Decisions about Parenting Time in Florida

Regardless of the underlying circumstances that prompt a need for a child custody determination – e.g., divorce, paternity, separation – parenting time is an important issue with long ranging ramifications that demands careful consideration. There is often a lot of emotion invested in the outcome of this decision that can complicate matters and sometimes lead to disputes between the parents. A recent article in the Miami Herald looks at the importance of the involvement of both parents in a child’s life, especially boys, as a deterrent to violence and criminal activity. Specifically, the article discusses the role of equal parenting time in promoting this goal and the need for family court reform in many states towards this norm. Twenty-two states, including Florida, implemented a shared parenting custody scheme in recent years. A discussion of how this system works in Florida for most cases will appear below.

Default Division of Time

Under Florida law, there is a legal presumption that both parents should share equal time with the child unless circumstances exist that renders such an arrangement detrimental to the child. This is keeping with the state’s policy that children should have “frequent and continuing contact with both parents” following a divorce or separation and to encourage a sharing of the responsibilities of childrearing. This presumption in favor of both parents is discarded if a parent was convicted on charges related to domestic violence, child abuse or a violent felony offense. If the convicted parent fails to dispute the assumption that contact with the parent would be detrimental to the child, the court may limit or terminate the convicted parent’s time with the child and/or the ability to make decisions about the child’s life.

Factors in Decision

When a court decides what time-sharing arrangement is best for the child, it uses a number of factors to make the final determination. Initially, though, the court will consider the desires of the parents as a starting point in the decision process. It should be noted that even if time-sharing and decisions about the child’s life are denied to a parent, the parent is still entitled to access to the child’s records for dental, medical and school-related information.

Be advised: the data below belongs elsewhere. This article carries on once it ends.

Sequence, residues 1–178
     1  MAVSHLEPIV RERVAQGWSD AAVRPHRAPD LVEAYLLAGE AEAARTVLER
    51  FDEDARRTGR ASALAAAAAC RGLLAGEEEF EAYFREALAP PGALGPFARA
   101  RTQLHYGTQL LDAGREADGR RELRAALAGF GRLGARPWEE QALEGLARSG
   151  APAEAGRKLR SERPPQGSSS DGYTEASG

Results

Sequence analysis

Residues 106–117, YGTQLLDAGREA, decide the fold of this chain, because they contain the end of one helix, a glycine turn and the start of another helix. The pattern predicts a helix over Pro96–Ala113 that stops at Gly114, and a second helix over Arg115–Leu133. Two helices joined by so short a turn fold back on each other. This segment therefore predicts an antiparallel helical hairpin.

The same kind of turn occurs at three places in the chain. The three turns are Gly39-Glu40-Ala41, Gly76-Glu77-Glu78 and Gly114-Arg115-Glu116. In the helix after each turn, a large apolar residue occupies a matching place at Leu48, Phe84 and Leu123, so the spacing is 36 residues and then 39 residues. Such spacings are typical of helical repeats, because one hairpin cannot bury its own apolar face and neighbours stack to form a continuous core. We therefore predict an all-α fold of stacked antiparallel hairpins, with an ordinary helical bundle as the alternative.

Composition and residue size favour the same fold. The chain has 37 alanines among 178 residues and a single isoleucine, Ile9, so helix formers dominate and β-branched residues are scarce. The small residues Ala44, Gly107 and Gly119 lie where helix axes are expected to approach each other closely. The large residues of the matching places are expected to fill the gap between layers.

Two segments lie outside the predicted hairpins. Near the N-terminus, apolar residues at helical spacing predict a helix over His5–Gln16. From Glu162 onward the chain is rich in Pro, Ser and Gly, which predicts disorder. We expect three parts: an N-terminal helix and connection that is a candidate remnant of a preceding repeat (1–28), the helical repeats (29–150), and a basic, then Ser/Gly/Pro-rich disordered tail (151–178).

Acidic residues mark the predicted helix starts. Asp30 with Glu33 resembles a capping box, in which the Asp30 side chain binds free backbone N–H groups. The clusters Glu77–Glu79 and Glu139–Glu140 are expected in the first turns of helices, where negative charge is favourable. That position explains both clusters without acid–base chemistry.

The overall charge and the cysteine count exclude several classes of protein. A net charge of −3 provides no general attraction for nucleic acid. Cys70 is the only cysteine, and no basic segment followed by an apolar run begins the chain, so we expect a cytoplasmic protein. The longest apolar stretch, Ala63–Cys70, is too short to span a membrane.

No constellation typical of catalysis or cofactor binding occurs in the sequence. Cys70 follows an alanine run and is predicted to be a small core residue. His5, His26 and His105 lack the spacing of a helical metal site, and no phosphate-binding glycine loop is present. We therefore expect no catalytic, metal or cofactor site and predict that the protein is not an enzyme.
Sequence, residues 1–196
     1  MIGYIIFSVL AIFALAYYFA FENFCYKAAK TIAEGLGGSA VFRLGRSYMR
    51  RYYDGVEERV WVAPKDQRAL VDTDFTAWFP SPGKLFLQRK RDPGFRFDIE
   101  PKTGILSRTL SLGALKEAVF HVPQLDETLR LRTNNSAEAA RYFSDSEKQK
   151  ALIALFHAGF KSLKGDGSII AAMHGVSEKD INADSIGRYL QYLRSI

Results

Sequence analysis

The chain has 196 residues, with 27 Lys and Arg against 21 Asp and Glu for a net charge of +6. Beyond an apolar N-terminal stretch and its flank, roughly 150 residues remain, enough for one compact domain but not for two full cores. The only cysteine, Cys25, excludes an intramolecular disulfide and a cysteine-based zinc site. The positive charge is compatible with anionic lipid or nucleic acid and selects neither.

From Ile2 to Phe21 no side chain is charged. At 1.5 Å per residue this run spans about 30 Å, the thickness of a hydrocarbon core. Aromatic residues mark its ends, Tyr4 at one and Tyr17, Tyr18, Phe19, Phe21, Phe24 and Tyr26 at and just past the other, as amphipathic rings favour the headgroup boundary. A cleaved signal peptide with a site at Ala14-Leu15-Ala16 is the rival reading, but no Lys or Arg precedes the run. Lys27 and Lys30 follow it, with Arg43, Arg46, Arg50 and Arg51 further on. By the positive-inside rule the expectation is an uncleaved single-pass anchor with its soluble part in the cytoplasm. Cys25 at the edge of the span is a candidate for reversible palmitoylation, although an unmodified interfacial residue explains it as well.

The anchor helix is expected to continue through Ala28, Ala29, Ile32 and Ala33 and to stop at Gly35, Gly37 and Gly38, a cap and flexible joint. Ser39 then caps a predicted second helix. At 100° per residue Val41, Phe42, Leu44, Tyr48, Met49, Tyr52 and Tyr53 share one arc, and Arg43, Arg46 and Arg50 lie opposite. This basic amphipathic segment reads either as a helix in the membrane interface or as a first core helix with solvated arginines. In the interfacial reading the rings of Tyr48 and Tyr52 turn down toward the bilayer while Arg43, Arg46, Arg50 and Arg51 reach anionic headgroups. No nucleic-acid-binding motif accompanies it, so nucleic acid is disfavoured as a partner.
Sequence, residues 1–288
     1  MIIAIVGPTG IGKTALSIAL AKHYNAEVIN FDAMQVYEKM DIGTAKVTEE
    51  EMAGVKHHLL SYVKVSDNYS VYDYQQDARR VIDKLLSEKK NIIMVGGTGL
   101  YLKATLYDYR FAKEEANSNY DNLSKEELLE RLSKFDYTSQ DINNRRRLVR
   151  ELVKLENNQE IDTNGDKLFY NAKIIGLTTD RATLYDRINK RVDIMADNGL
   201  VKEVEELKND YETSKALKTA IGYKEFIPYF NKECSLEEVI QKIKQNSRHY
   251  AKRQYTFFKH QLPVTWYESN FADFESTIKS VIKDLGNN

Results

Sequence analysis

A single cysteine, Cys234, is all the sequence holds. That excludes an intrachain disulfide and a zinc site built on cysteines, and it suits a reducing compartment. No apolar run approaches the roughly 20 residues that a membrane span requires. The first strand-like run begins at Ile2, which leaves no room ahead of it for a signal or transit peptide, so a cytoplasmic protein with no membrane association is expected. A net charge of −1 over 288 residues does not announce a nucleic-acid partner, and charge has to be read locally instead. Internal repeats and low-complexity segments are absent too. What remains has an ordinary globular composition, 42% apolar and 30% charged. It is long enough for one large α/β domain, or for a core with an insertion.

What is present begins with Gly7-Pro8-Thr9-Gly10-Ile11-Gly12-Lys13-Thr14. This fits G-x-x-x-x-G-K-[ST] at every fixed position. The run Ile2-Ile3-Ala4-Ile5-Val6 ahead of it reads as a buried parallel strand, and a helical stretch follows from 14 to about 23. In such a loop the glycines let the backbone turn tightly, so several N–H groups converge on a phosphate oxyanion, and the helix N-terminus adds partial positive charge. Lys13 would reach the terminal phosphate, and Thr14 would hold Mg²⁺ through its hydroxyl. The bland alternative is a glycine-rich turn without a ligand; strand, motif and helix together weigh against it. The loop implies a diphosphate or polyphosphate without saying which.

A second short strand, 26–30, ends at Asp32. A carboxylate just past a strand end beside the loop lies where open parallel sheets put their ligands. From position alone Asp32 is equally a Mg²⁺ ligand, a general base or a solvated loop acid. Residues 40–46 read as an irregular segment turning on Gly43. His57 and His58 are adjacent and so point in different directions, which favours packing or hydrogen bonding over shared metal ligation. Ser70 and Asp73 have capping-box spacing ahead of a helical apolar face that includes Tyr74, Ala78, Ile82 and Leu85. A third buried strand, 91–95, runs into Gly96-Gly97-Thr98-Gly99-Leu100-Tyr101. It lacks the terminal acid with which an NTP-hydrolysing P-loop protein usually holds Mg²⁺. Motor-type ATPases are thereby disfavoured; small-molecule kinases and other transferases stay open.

The best interests of the child are the ultimate concern driving the court’s decision on which parent should be responsible for a child’s welfare. While the court has a laundry list of factors it may consider, some of the more pressing factors include:

  • the ability of each parent to help maintain healthy relationships between the child and the other parent, honor the time-sharing schedule and be flexible when changes are necessary;
  • the ability of each parent to put the needs of child before their own;
  • how long the child has lived in a stable environment and how to best continue that pattern;
  • the moral fitness of each parent;
  • the physical and mental health of each parent; and
  • the ability of each parent to provide a consistent routine for the child.

Disputes

Finally, if the parties are unable to agree on the outline of a parenting plan, the court can refer them to a parenting coordinator to help resolve issues of contention between the parents. The purpose of a parenting coordinator is help the parties create and/or implement a parenting plan, which is accomplished through a combination of education and recommendations. A parenting coordinator may also have limited decision power if there is the consent of the parents and court. A parenting coordinator is one of the following: a mental health professional, a physician certified in psychiatry and neurology or a family law mediator.

Speak to a Lawyer

In decisions surrounding parenting time, it is important to keep civil relations with your ex-partner for the sake of your child, but it is equally important to know your rights and options before committing to a parenting plan. The attorneys at Bubley & Bubley, located in Tampa, provide a full range of family law representation, including child custody. Contact us today to schedule a consultation.

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